The Rise and Rise of High Value Service Management Customer Experience Demand

Andy Spence - 11th May 2016

The Early Years

I started out my career in the early 1990’s as a desktop support analyst, working to support customers over the phone and face-to-face.This combination of a support analyst being able to provide a service by telephone, but also resolve a query or fix a problem face-to-face, quickly disappeared over the next few years as remote takeover tools and low-cost call centres became the norm.

The emphasis and reliance on service levels from a quantitative perspective became the big reality for a long period of time as the desire to drive down costs was the number one priority (ie average speed of answer, talk time, incident resolved or assigned to a group as quickly as possible).

As a Service Management Product Manager over the last two years, I have been exposed to the evolving market around end-user support, especially in the area of Service Desk and Field Service offerings. I take particular interest in the changes in expectation levels of higher service quality vs low cost offerings, and see an opportunity for all Service Providers and partners if they are able to embrace the shifting demands out there.

Changes Are Afoot!!!

Only very recently has the market started to see a change in attitude towards IT and Enterprise Service, where more organisations are looking to engage with a higher value customer experience for its staff, rather than the reactive, low cost models of the past. This shift confirms that priorities are changing, provided that the resulting employee satisfaction and business productivity reflects the investment.

Today, it is not uncommon for all contracted service levels to be green, but the end user satisfaction is low. This suggests there is a case for re-assessing the value of quantity-based service levels and moving to a more quality-based focus.

Don’t get me wrong, there is still a big market out there for the low cost type service model…..but the tide is changing.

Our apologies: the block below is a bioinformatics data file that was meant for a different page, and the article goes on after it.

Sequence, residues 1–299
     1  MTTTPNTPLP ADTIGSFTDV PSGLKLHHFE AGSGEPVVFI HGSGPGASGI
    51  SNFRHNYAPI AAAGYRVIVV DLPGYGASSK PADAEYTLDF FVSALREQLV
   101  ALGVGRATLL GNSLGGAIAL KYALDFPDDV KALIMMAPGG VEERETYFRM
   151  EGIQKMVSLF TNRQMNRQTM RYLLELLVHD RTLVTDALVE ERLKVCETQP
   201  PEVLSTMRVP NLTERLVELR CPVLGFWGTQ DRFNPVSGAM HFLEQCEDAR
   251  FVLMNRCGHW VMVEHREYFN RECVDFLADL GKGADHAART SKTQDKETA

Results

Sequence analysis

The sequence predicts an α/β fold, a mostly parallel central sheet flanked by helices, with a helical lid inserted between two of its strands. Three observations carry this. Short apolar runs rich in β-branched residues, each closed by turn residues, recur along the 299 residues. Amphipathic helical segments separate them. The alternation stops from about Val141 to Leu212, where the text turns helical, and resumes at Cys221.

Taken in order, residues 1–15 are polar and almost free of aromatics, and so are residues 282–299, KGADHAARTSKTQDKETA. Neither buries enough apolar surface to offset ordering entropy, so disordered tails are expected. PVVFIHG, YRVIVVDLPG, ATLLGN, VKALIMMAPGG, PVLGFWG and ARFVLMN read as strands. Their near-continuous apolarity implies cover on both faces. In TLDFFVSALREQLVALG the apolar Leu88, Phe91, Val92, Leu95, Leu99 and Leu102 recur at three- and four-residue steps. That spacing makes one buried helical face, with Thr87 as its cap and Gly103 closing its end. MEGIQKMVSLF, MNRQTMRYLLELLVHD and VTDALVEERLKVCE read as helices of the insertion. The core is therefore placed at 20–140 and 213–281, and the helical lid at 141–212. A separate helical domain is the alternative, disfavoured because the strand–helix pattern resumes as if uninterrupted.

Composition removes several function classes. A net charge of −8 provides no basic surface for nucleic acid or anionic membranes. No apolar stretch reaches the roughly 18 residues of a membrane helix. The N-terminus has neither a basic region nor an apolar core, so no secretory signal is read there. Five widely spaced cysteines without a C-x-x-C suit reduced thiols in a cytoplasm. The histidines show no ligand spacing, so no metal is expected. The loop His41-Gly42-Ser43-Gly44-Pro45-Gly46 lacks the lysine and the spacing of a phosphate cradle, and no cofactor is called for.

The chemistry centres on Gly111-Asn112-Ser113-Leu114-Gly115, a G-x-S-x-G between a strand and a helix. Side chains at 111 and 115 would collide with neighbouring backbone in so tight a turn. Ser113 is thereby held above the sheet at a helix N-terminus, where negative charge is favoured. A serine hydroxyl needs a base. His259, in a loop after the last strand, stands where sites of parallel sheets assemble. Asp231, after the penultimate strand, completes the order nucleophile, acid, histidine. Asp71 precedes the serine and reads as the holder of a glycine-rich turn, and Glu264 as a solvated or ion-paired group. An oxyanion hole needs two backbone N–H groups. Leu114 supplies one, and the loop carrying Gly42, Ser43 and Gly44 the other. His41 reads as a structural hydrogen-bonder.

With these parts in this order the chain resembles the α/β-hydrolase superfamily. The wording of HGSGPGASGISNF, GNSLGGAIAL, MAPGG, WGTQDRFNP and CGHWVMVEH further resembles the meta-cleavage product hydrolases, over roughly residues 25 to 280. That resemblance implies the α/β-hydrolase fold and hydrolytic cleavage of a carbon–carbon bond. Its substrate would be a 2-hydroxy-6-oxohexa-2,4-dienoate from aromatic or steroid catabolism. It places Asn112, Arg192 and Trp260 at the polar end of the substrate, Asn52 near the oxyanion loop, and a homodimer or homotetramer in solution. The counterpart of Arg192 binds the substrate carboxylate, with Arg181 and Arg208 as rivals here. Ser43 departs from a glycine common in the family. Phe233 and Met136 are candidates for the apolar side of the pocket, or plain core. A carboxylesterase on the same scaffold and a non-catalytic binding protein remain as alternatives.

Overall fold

As you will appreciate, much of the drive in this direction has come from the consumerisation of IT that we all experience in our daily lives. As the dividing line between personal and work-based technology has become increasingly blurred, that level of service and functionality needs to be replicated within the work environment.

For example, when we experience a slick service from an Apple Genius Bar or online with Amazon, we feel there is no reason why we should not experience that level of service from our employer and their suppliers.

What Is The Challenge?

The challenge today for some longer-standing service providers is how they try to move away from the historical low-cost IT service model and move into the expanding market that is “value add”.

Some could find it difficult to move into this arena because they are historically setup to cost and build the “budget / reactive” service that has served them well in the past. The existing contact management processes, people and relevant non-integrated tools may not be capable of moving to the full blown automated, proactive service that would set them apart in the developing Value Add market today. The result being they may need to invest heavily in setting up a brand new service, with people, process and tool cost implications before being able to compete.

There is also a danger that without a strong go-to market strategy, the service provider may start to lose its focus on its core services, by offering mixed, weak solutions that neither add value or quality, resulting in an ever increasing loss of market share.

The good news for the newer service providers and associated partners is that they seem to have a better starting position as they have less “historical baggage” with tonnes of flexibility, modern technology baseline and expertise to compete in this relatively new market.

Some of the value add elements that are becoming differentiators in end-user experience of services globally are:

  • Technical pit stops – where employees can walk up to ask questions, try new equipment etc.

  • Support staff who are not just trained to be technical, but also can sell the company and be customer service orientation
  • The use of gamification tools and IT forums to empower end user groups and motivate service provider staff.Bi-directional contact channel management tools that are fully integrated across the enterprise to allow proactive communication between service providers and end users.

  • Bi-directional contact channel management tools that are fully integrated across the enterprise to allow proactive communication between service providers and end users.

In Summary:

Service Providers and partners need to be tuned in to this developing demand and be market-ready to provide a high value offering that reflects the expectations of the consumer base today, and gives them a lead in grabbing the market share going forward. The key is listening and watching the market, whilst ensuring the investment in tools, people and process covers all bases that will allow the service provider to be ahead of its competitors in this value add space.